41 migrants found in truck in Greece: Greek police found 41 people alive in the back of a refrigerated truck during a routine highway check in northern Greece, officials said Monday. Police had stopped the truck near the city of Xanthi for a routine check, arresting the driver and taking him and the migrants, mostly Afghans, to a nearby police station for identification. At least a third were found to have trouble breathing, and seven were rushed to a nearby hospital with respiratory problems.
Separatists protest Spanish royals’ visit: On Monday, thousands of Catalan demonstrators protested against a visit by the Spanish royal family to Barcelona, the capital of the region that has been hit by weeks of separatist demonstrations. Some protesters burned pictures of the king and threw paint at riot police. Waving Catalan independence flags, some of the demonstrators shouted at attendees of the Princess of Girona young talent awards ceremony in Barcelona as they tried to reach a police checkpoint, pushing at least one of them, and forcing a few to turn back and try to find another entrance.
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Germany to ban homophobic conversion therapy: German Health Minister Jens Spahn unveiled a draft law on Monday that largely bans homophobic conversion therapies for LGBT+ people. The practice will be completely banned for all youths under the age of 18. The law stops short of a complete ban, however, with consenting adults allowed to seek treatment for their sexuality. However, the practice would no longer be legal if the person ended up consenting to the therapy after being deceived, coerced or threatened. Spahn said these conversion therapies often caused serious physical and mental suffering, making people sick instead of healthy.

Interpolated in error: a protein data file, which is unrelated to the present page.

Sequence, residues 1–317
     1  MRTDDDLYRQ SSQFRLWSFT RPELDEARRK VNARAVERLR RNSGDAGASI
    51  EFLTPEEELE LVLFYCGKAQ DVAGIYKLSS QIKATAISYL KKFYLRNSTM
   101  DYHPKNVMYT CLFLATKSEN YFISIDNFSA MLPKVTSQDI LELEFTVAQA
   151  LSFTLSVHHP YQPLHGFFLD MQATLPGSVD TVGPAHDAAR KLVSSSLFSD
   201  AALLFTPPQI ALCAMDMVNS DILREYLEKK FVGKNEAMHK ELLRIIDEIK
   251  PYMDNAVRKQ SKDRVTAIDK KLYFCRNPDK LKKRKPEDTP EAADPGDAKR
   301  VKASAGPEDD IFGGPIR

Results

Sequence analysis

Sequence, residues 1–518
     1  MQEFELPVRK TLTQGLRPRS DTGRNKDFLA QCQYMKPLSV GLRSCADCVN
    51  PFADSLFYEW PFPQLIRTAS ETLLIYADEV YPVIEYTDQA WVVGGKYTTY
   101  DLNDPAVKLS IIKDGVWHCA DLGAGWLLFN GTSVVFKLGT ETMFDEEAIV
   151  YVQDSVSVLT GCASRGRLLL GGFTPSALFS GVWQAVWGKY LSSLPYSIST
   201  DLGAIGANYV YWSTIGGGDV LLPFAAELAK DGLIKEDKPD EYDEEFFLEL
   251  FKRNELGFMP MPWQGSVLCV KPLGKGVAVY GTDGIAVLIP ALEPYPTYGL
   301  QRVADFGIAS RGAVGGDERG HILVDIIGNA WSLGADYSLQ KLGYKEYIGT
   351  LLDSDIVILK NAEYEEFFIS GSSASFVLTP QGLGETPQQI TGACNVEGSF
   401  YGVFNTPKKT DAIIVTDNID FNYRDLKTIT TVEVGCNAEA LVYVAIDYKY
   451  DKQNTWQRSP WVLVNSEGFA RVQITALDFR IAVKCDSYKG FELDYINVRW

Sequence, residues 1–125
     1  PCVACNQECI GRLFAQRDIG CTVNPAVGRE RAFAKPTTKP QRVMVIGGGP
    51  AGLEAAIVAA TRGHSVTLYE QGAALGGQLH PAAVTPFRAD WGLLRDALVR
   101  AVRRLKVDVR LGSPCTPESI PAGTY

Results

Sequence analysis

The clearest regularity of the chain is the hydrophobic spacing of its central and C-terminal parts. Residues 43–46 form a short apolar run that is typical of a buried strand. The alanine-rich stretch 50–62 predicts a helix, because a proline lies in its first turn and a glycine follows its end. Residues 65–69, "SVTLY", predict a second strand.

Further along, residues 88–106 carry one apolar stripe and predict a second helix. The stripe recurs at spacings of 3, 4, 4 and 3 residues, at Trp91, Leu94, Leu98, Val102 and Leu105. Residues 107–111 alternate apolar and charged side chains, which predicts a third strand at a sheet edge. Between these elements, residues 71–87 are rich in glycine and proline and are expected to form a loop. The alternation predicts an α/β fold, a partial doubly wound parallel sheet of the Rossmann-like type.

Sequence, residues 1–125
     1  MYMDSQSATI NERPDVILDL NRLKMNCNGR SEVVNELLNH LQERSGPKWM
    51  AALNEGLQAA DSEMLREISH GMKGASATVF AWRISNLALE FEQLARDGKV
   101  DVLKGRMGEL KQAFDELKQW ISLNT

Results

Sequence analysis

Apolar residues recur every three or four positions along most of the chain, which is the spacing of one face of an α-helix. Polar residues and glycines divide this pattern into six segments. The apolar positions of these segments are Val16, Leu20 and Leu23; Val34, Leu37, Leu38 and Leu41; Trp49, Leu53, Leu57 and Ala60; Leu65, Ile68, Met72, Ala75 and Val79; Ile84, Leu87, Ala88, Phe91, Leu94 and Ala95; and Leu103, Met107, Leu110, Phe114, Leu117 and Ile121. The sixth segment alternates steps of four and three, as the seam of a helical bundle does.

Merkel vows to fight right-wing extremism: At a memorial to victims of neo-Nazi terrorism, German Chancellor Angela Merkel said the government must prevent a resurgence of such hatred. As a nation, Germany has to ensure that these things don’t repeat themselves, Merkel told reporters in the eastern German town of Zwickau, where a new memorial in honour of the victims of the right-wing extremist cell National Socialist Underground (NSU) was erected. Her comments came shortly after several politicians received death threats from the far-right. Just across the street from the memorial site, around 20 people protested against Merkel and the memorial. Such a scene underscored an urgent need for a public reckoning with right-wing acts and ideologies, said Michael Kretschmer, state premier of Saxony. He said the NSU’s racially motivated attacks still resonated today.
Czech Republic: Police train for reintroduction of border checks handelsblatt.com
France: Government opts for dual system to fight youth unemployment zdf.de
Italy: ArcelorMittal to hand Ilva plant back to Italian state over legal row reuters.com
⊂ JOB-BOARD ⊃
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⊂ MALFUNCTION ⊃
Berlin bans fake soldiers at Checkpoint Charlie: Authorities in the German capital have barred reenactors from posing for tourist photos at the iconic Checkpoint Charlie, the US control station that marked the crossing point between East and West Berlin. Some reenactors had pressured tourists — and at times even followed them — if they refused to pay a fee to take a photo. Police had consequently requested Berlin’s Civil Enforcement Office formally withdraw their license to perform in public.